Patients undergoing bridging therapy between apheresis and lymphodepleting chemotherapy during the production of axicabtagene ciloleucel (axi-cel) autologous anti-CD19 chimeric antigen receptor T-cell (CAR-T) therapy for relapsed/refractory large B-cell lymphoma (LBCL) had poorer lymphoma-specific and overall survival compared with patients who did not undergo bridging therapy, according to findings from a large multicenter cohort study described in a pre-meeting abstract for the 61st American Society of Hematology (ASH) Annual Meeting and Exposition in Orlando, Florida.
However, patients in the bridging cohort also had poorer prognostic factors at baseline, the study authors noted.
“This inferior outcome raises the possibility that bridging therapy may identify a subgroup of lymphoma patients with a different biology, or alternatively, bridging therapy may have an effect on the host or the tumor microenvironment that may impact CAR-T efficacy,” reported lead author Michael D. Jain, MD, PhD, of the department of blood and marrow transplant and cellular immunotherapy, Moffitt Cancer Center, Tampa, Florida.
They called for prospective studies of bridging strategies to learn whether bridging can broadly improve outcomes for this patient population or should be employed only for patients with emergent disease during axi-cel manufacture.
With or without bridging, approximately 8% of patients in the series did not receive axi-cel due to lymphoma progression and/or death, infection, renal failure, or because they achieved complete response with bridging therapy. “In addition, there may have been patients where bridging prevented progression or death prior to axi-cel infusion,” the researchers noted in the abstract.
Bridging therapy for lymphoma can involve steroids, chemotherapy, radiotherapy or targeted therapies.
The US Lymphoma CAR T Cell Consortium has seventeen US academic center member institutions that share data from lymphoma patients undergoing standard-of-care CAR-T therapy. There were 298 patients who underwent apheresis with the intent to manufacture axi-cel for LBCL at these centers. Of these, 275 patients received a CAR-T infusion. Interestingly, 7 of these patients received the infusion through the expanded access program ZUMA-9.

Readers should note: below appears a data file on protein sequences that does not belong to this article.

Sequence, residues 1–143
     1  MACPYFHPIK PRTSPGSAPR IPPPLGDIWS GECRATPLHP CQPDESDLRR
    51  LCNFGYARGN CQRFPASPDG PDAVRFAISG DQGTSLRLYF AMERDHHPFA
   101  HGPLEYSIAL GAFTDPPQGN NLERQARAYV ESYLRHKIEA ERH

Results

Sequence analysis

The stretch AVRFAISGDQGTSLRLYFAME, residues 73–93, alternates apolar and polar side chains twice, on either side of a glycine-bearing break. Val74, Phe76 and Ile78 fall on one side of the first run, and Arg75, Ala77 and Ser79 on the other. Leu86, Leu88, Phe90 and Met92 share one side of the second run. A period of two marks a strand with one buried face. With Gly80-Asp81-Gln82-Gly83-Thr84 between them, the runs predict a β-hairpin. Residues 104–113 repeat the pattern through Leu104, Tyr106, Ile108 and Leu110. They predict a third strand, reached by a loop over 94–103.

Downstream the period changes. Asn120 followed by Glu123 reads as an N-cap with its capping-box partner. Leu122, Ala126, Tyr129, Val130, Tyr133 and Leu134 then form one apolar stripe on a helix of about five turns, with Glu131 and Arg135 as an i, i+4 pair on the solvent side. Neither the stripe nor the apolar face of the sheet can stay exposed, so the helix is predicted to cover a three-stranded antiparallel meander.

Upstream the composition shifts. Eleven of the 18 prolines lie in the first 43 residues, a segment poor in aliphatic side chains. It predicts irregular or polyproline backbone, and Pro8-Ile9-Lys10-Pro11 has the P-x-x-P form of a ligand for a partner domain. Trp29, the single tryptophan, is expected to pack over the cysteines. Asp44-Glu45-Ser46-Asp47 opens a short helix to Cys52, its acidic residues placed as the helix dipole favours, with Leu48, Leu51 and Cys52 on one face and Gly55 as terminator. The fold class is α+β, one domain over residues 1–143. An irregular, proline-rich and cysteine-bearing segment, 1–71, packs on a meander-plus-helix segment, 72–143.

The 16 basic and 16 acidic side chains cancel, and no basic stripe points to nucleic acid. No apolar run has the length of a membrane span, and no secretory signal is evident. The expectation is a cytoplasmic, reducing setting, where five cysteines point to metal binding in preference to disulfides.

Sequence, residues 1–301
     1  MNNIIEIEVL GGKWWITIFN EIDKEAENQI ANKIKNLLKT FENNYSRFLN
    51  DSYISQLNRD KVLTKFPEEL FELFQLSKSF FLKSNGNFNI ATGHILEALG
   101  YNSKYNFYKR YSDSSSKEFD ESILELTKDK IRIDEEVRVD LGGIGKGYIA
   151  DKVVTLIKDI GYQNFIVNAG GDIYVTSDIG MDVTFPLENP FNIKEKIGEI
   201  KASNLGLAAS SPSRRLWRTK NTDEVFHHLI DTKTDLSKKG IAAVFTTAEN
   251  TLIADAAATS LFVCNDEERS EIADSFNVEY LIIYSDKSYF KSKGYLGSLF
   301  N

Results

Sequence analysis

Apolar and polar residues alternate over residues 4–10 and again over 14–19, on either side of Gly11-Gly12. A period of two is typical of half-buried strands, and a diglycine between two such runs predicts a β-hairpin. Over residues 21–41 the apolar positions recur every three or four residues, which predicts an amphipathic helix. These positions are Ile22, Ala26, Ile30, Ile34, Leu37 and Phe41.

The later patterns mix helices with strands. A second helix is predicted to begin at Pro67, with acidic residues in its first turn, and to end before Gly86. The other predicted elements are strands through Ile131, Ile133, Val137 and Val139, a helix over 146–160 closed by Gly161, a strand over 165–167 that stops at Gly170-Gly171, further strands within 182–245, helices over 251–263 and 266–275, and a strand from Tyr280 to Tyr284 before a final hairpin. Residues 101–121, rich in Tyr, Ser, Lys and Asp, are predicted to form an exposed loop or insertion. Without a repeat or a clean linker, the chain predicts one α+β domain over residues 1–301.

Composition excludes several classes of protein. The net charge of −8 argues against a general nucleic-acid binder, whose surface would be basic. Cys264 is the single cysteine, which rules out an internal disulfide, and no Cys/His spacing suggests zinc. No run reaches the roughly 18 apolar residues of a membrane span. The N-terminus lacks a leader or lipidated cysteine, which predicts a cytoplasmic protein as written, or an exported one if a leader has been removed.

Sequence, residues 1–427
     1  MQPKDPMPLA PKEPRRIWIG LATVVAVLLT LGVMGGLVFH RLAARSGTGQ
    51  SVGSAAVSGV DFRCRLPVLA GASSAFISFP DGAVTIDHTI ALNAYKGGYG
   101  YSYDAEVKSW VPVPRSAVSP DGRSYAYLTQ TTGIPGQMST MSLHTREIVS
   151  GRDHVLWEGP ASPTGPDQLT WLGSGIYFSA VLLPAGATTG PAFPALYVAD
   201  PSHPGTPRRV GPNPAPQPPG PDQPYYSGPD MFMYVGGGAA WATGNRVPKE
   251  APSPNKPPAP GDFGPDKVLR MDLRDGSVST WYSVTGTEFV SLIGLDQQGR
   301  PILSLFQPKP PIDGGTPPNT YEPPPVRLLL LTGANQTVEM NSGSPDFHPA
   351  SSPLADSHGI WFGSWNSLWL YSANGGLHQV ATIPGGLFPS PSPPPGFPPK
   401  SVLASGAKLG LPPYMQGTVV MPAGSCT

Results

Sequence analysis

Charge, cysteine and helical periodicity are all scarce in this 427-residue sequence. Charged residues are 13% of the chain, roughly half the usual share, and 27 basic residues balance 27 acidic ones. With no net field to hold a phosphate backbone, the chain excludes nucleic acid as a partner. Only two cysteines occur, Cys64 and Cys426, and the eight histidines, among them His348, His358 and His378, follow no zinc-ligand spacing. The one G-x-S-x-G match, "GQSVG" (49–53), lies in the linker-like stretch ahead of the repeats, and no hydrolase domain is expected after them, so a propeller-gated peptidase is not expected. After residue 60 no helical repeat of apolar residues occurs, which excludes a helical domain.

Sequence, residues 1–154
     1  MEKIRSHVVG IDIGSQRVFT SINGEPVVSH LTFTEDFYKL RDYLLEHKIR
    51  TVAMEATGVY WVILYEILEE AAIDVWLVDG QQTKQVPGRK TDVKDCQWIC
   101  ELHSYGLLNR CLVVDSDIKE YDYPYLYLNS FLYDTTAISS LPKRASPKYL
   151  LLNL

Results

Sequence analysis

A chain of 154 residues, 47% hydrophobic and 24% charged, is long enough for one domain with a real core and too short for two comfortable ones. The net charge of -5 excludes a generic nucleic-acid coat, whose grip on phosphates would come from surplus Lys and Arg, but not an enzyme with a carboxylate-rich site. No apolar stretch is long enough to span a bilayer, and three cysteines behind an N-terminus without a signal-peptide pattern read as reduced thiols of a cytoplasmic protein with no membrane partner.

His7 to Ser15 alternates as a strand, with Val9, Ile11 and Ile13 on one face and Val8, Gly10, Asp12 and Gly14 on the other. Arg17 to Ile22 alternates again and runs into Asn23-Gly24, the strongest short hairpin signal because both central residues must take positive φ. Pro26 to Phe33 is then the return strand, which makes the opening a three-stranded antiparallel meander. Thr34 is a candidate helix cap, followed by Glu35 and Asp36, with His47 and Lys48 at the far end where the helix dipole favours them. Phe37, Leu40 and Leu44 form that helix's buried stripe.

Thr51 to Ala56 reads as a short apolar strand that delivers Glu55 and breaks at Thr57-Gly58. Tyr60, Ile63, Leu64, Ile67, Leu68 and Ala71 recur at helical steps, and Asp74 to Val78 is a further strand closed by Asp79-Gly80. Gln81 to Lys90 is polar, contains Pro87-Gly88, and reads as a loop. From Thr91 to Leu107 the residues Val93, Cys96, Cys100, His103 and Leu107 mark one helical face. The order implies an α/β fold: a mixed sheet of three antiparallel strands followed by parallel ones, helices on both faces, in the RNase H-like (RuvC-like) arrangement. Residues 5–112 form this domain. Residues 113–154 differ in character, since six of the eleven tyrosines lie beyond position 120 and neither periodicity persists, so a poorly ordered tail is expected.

At a median follow-up of 13.9 months, 158 of 298 apheresed patients (53%) received bridging therapy and 140 (47%) did not. Twenty-three percent of patients received steroids alone as bridging therapy; 54% received chemotherapy, 12% underwent radiotherapy and 10% were administered targeted therapies.
There were baseline differences between patients who underwent bridging therapies and those who did not. A higher proportion of patients in the bridging therapy group had an ECOG score of 2 to 4, bulky disease greater than 10 cm, an International Prognostic Index of 3 to 5, a higher lactate dehydrogenase level at conditioning, and did not meet ZUMA-1 eligibility.
Patients who underwent bridging therapy vs those who did not had higher rates of grade 3 of higher neurotoxicity (34% vs 28%, respectively), grade 3 or higher cytokine release syndrome (9% vs 5%, respepctively), nonrelapse mortality (7.1% vs 1.5%, respectively), and death after lymphoma relapse at 12 months after axi-cel infusion (37% vs 17%, respectively).
Although the efficacy of axi-cel was comparable across bridging strategies, bridging was associated with worse progression-free survival and overall survival compared with patients who did not undergo bridging therapy, the authors noted.
The use of bridging before CAR-T for LBCL should not be totally abandoned, however; the investigators acknowledged that some patients may have died or been unable to receive CAR-T at all without bridging.
“We currently do not recommend that all patients should be given bridging while awaiting axi-cel manufacturing,” the authors said in conclusion.
Disclosure: Some of the authors disclosed financial relationships with the pharmaceutical industry. For a full list of disclosures, please refer to the original abstract.
Jain MD, Jacobs MT, Nastoupil LJ, et al. Characteristics and outcomes of patients receiving bridging therapy while awaiting manufacture of standard of care axicabtagene ciloleucel CD19 chimeric antigen receptor (CAR) T-cell therapy for relapsed/refractory large B-cell lymphoma: Results from the from the US Lymphoma CAR-T Consortium. Presentation at: American Society of Hematology 61st Annual Meeting and Exposition; December 7-10; Orlando, FL. Abstract 245.
This article originally appeared on Cancer Therapy Advisor